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Post Info TOPIC: how to calculate tire PSI to tire load


RV-Dreams Community Member

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how to calculate tire PSI to tire load


So when I converted my Ram 3500 diesel 4x4 DRW to SRW's, the tire pressure info on the door jam became null and void.  I was told an interesting formula for finding the proper PSI by a Nitto tire Rep.. Here it is......

Start with the tires sidewall information.  Maximum load rating and divide that by Maximum air pressure for the first part of the equation. For my tires it is 4,000 max. load divided by 80 max. PSI = 50 

2nd part of equation, the weight on each axle for the load weight to be carried by each tire.  My rear axle load weight is 6,400 lbs. or 3,200lbs.  on each tire.   front axle has 4,800 lbs or 2,400 each tire. 

Now for the rear tires PSI,   3,200 lbs. divided by 50 = 64 PSI rear tire pressure for 3,200 lb. load per tire    

For front tires PSI, 2,400 lbs. divided by 50 = 48 PSI front tire for 2,400 lb. load per tire

I have just under 30,000 miles on these tires. I have found this formula to be spot on. My tires look like they will last another 30,000 miles. My RV is a Tiger Bengal by http://www.tigervehicles.com



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Pretty darn simple weigh your rig and use the Load/Inflation chart specifically for your tire.

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2015 RAM/Cummins/Aisin/4.10's/3500Dually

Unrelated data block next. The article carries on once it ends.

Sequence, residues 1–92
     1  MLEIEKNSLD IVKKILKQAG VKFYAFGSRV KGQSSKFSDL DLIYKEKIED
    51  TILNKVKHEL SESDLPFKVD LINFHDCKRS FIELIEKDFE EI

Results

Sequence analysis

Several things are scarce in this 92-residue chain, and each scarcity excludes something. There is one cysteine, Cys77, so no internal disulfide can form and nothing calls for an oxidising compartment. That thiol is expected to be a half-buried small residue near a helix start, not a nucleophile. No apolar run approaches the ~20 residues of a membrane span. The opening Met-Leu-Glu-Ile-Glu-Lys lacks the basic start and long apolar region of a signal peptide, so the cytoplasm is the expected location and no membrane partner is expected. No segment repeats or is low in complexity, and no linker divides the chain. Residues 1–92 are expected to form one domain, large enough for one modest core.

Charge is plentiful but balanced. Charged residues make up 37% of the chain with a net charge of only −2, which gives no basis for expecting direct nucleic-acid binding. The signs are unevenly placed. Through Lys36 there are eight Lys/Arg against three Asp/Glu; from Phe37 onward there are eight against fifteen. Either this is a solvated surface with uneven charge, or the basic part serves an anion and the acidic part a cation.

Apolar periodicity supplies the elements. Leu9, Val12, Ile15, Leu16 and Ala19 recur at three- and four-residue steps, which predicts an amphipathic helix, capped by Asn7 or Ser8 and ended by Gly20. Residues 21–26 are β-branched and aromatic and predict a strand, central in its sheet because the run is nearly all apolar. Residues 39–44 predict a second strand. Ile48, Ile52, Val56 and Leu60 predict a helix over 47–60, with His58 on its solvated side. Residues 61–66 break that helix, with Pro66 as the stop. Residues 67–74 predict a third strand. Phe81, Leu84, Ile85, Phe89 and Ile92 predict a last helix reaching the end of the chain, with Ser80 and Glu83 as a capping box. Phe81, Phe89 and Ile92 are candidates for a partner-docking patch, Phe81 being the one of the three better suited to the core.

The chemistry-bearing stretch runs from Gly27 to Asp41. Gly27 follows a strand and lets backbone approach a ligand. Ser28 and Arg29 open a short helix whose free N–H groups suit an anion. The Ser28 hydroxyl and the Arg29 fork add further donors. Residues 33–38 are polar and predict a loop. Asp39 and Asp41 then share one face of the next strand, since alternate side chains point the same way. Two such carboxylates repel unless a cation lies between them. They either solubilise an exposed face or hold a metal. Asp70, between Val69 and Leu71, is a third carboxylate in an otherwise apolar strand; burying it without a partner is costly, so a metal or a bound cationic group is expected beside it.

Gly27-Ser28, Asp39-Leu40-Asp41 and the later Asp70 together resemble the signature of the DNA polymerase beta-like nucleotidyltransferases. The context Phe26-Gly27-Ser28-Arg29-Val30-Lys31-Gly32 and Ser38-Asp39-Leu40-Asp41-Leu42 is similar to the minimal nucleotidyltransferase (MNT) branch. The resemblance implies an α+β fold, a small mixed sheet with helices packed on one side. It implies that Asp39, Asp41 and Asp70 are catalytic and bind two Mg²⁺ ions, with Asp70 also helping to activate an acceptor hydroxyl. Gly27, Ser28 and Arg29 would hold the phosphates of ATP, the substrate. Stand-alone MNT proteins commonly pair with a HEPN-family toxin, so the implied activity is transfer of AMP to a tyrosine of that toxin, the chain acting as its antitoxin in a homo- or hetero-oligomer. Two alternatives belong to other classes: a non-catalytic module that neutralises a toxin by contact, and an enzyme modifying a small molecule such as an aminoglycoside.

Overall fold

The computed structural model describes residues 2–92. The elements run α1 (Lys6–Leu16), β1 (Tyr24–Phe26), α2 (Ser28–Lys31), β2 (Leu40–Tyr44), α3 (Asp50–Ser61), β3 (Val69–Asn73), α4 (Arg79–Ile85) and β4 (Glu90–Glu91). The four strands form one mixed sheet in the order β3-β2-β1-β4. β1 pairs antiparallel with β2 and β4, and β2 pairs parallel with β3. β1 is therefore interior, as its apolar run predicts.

2016 Mobile Suites 39TKSB3 "Highly Elited"

32,950# combined



RV-Dreams Community Member

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Dog ate it.  



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Sorry…that will not give you the right number. You need to get a copy of the inflation/load table for your tires. I took a casual glance at the inflation tables for our tires…and dividing the weight by the pressure gives different answers depending on which column from the inflation table you do the calculation for.



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That's funny I never said my tire size?  How and what did you look up?  LOL

FYI, My tire is a Nitto Ridge Grappler 305/65r 18 "F" rated. 3,970 Lbs @ 80 psi. spec's from...https://www.nittotire.com/light-truck-tires/ridge-grappler-light-truck-tire/

I looked but found no Nitto inflation/load guide but did find a Toyo, I'm told same maker as Nitto.

Looking up my tire size on page 25 in the Toyo site... https://www.toyotires.com/media/2125/application_of_load_inflation_tables_20170203.pdf

45 psi for 2680 lb. load

60 psi for 3280 lb. load.

They don't have an "F" rating for their 305/65r 18 their chart for a 'E" rated tire. Pretty close to the numbers I got doing the formula given by Nitto Rep.. I don't think Toyo's "E" tire has the same max. load or maxi. psi. If it did the PSI numbers would be the same.

 

 

 

 



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A quick tutorial on tire pressure.
www.discoveryparts.com/159__auto-racing-tire-pyrometers-

Please pay attention to the first line, it is spot on. For highway tires you need to take the temps after you have run a half hour or more and after you have run in a straight for a mile or more. After that, check your tire temps at the two edges and in the middle. If the middle is higher you're over-inflated, if the outsides are higher, you're under-inflated, if they're even across you're OK. If the two edges are not the same, or very close, you have an alignment issue you should address.

Here's a link to some tire pyrometers for your shopping pleasure www.longacreracing.com/products.aspx

They aren't quite as cheap as a chart from the manufacturer but it is more accurate. Personally I think the charts or the formula are probably close enough. Just my dos centavos and as always YMMV.